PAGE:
|First World War||Second World War||The Cold War|
Edith Newbold Jones, the daughter of wealthy parents, was born in New York in 1861. Educated at home and in Europe, she married Edward Wharton in 1885. Her first collection of short stories, The Greater Inclination, appeared in 1899. The publication of The Touchstone (1900) and the House of Mirth (1905), established her as a major novelist.
After divorcing Edward Wharton, she moved to Paris in 1906 where she met and fell in love with Morton Fullerton. Wharton published Ethan Frome (1911) and The Custom of the Country (1913) before the outbreak of the First World War. Early in 1915 the French Red Cross asked Wharton to make a tour of some military hospitals near the Western Front to publicize the need for medical supplies. General Joseph Joffre was also persuaded to allow Wharton to visit Verdun and other battlefields.
Wharton's articles about these visits to the frontline originally appeared in Scribner's Magazine. These were collected together and later published in the book, Fighting France (1915). The following year Wharton edited a literary anthology, The Book of the Homeless. With contributions from Laurence Binyon, John Galsworthy, Thomas Hardy, Alice Meynell, Mary Humphry Ward, W. B. Yeats and John Singer Sargeant, the book helped to raise funds for the American Hostels for Refugees and the Children of Flanders Rescue Committee. In 1916 Wharton was appointed a Chevalier of the Legion of Honour for her wartime relief work.
After the war wrote two novels about the war, The Marne (1918) and A Son at the Front (1923). Other books by Wharton include The Age of Innocence (1920) The Mother's Recompense (1925), The Children (1928) and Hudson River Bracketed (1929). A Backward Glance, a revealing autobiography, appeared in 1934. Edith Wharton died in 1937.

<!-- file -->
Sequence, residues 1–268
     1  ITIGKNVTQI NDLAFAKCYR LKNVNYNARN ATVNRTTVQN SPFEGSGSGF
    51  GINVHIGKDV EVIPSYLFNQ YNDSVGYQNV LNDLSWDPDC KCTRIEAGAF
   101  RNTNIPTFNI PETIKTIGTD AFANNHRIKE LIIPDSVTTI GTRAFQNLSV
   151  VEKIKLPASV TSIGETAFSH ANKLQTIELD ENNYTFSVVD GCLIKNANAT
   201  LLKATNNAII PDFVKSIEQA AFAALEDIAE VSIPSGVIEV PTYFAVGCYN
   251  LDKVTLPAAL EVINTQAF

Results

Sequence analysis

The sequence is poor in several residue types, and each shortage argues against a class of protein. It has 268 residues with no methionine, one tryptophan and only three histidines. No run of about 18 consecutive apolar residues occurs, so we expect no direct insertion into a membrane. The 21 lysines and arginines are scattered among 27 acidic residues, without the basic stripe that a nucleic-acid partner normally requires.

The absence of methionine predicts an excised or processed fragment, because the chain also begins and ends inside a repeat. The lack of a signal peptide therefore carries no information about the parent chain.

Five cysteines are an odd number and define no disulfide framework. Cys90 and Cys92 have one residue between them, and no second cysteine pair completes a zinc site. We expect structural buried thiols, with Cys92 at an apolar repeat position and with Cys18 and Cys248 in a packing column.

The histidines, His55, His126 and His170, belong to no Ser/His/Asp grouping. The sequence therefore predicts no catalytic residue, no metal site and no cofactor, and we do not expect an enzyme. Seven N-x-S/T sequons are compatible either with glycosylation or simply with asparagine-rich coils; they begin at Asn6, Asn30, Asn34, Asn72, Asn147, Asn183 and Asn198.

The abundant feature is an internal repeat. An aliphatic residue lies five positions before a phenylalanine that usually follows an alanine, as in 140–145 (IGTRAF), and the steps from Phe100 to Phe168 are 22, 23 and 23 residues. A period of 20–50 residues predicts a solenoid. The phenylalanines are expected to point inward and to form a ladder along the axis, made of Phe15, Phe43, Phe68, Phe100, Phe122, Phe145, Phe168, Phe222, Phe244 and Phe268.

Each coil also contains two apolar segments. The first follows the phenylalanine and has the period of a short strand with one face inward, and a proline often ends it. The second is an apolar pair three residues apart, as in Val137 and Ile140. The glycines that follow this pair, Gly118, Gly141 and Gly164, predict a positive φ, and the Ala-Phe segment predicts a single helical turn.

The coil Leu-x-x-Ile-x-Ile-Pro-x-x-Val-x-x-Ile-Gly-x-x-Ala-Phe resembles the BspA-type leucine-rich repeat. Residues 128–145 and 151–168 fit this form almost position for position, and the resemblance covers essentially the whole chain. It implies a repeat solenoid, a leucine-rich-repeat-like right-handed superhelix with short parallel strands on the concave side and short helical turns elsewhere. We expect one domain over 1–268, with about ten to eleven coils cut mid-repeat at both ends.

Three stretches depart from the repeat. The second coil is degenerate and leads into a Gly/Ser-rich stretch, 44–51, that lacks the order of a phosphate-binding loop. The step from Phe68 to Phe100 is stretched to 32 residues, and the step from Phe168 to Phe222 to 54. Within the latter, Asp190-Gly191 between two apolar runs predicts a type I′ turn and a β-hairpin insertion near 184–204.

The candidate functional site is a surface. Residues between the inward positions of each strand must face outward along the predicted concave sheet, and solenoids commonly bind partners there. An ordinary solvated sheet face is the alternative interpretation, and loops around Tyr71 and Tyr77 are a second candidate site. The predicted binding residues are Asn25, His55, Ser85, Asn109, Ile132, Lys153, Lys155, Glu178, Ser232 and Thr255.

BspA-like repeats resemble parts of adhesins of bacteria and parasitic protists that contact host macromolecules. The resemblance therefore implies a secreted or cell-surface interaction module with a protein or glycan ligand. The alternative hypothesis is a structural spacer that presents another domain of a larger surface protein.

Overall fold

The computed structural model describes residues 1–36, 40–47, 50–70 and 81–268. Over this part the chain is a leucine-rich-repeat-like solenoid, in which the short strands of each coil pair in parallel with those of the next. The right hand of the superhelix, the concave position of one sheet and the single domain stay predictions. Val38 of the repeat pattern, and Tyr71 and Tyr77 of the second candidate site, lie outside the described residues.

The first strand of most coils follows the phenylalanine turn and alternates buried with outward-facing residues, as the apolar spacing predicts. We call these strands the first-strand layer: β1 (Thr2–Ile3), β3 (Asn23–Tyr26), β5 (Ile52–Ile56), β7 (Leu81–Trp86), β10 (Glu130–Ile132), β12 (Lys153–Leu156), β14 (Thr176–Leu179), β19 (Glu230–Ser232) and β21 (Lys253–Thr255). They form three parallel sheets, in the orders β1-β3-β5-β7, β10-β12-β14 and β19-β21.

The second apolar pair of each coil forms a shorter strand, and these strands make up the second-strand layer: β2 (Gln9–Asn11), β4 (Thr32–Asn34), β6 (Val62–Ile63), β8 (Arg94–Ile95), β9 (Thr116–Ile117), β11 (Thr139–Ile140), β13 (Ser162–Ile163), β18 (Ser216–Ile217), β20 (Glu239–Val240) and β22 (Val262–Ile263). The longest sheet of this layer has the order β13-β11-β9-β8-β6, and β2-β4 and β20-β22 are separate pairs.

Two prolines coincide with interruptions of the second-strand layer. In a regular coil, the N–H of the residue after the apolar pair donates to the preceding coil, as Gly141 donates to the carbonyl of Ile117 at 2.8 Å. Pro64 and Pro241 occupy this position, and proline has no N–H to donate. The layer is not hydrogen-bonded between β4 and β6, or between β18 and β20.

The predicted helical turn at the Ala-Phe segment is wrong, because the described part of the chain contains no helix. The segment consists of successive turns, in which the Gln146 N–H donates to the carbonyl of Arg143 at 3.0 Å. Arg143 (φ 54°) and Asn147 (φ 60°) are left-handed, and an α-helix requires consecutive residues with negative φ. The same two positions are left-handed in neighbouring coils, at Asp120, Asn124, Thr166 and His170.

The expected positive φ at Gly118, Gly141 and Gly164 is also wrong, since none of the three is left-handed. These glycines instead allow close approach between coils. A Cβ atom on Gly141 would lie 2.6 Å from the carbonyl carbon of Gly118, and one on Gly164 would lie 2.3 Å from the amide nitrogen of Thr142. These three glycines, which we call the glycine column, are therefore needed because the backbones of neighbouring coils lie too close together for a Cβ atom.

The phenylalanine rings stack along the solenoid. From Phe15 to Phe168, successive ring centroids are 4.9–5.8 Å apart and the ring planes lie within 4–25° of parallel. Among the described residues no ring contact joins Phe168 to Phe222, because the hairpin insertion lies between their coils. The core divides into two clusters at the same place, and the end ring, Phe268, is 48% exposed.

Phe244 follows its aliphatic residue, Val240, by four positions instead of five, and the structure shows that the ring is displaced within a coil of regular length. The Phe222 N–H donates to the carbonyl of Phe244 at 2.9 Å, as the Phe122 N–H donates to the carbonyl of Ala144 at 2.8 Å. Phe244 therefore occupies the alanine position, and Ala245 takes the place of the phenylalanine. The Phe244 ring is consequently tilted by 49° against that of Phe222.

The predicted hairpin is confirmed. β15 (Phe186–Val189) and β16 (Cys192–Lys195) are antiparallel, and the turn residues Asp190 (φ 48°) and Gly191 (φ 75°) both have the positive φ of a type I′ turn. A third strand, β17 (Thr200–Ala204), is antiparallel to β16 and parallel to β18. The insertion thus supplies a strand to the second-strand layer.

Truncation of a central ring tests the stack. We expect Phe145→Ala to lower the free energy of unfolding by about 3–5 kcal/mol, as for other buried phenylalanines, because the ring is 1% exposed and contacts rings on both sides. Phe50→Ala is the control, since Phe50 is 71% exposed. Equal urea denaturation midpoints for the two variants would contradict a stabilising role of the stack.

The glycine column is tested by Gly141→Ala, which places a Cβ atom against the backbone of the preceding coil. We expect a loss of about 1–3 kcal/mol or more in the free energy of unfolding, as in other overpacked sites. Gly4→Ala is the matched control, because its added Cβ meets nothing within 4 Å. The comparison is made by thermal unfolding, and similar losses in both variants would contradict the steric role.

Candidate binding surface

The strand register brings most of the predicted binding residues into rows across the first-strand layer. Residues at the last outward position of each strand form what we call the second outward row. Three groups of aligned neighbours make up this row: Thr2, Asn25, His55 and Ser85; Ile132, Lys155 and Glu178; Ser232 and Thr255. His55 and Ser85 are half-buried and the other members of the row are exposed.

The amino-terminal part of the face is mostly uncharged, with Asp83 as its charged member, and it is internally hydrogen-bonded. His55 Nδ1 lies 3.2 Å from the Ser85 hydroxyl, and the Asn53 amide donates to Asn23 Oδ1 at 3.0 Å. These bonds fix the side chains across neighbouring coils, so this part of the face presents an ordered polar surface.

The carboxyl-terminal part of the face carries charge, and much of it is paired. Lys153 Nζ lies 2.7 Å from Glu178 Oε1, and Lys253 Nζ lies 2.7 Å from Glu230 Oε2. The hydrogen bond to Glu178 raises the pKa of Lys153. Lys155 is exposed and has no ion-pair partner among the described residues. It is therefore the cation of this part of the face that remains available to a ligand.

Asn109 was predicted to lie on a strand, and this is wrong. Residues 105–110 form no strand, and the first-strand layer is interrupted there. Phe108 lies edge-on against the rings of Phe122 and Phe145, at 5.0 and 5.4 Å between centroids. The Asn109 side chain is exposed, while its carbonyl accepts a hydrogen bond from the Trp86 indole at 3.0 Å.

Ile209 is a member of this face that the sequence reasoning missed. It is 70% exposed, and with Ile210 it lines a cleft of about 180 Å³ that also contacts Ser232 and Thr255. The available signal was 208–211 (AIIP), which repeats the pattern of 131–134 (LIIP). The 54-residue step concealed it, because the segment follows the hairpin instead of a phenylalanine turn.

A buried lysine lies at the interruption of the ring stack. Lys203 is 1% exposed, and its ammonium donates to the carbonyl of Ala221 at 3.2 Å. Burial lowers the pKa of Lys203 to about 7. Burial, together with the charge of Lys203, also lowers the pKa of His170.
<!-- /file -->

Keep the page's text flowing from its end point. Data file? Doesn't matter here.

(1) Edith Wharton, Fighting France (1915)
That evening, in a restaurant of the rue Royale, we sat at a table in one of the open windows, abreast with the street, and saw the strange new crowds stream by. In an instant we were being shown what mobilization was - a huge break in the normal flow of traffic, like the sudden rupture of a dyke. The street was flooded by the torrent of people sweeping past us to the various railway stations. All were on foot, and carrying their luggage; for since dawn every cab and taxi and motor-omnibus had disappeared. The crowd that passed our window was chiefly composed of conscripts, who were on the way to the station accompanied by their families and friends; but among them were little clusters of bewildered tourists, labouring along with bags and bundles, and watching their luggage pushed before them on hand-carts - puzzled inarticulate waifs caught in the cross-tides racing to a maelstrom.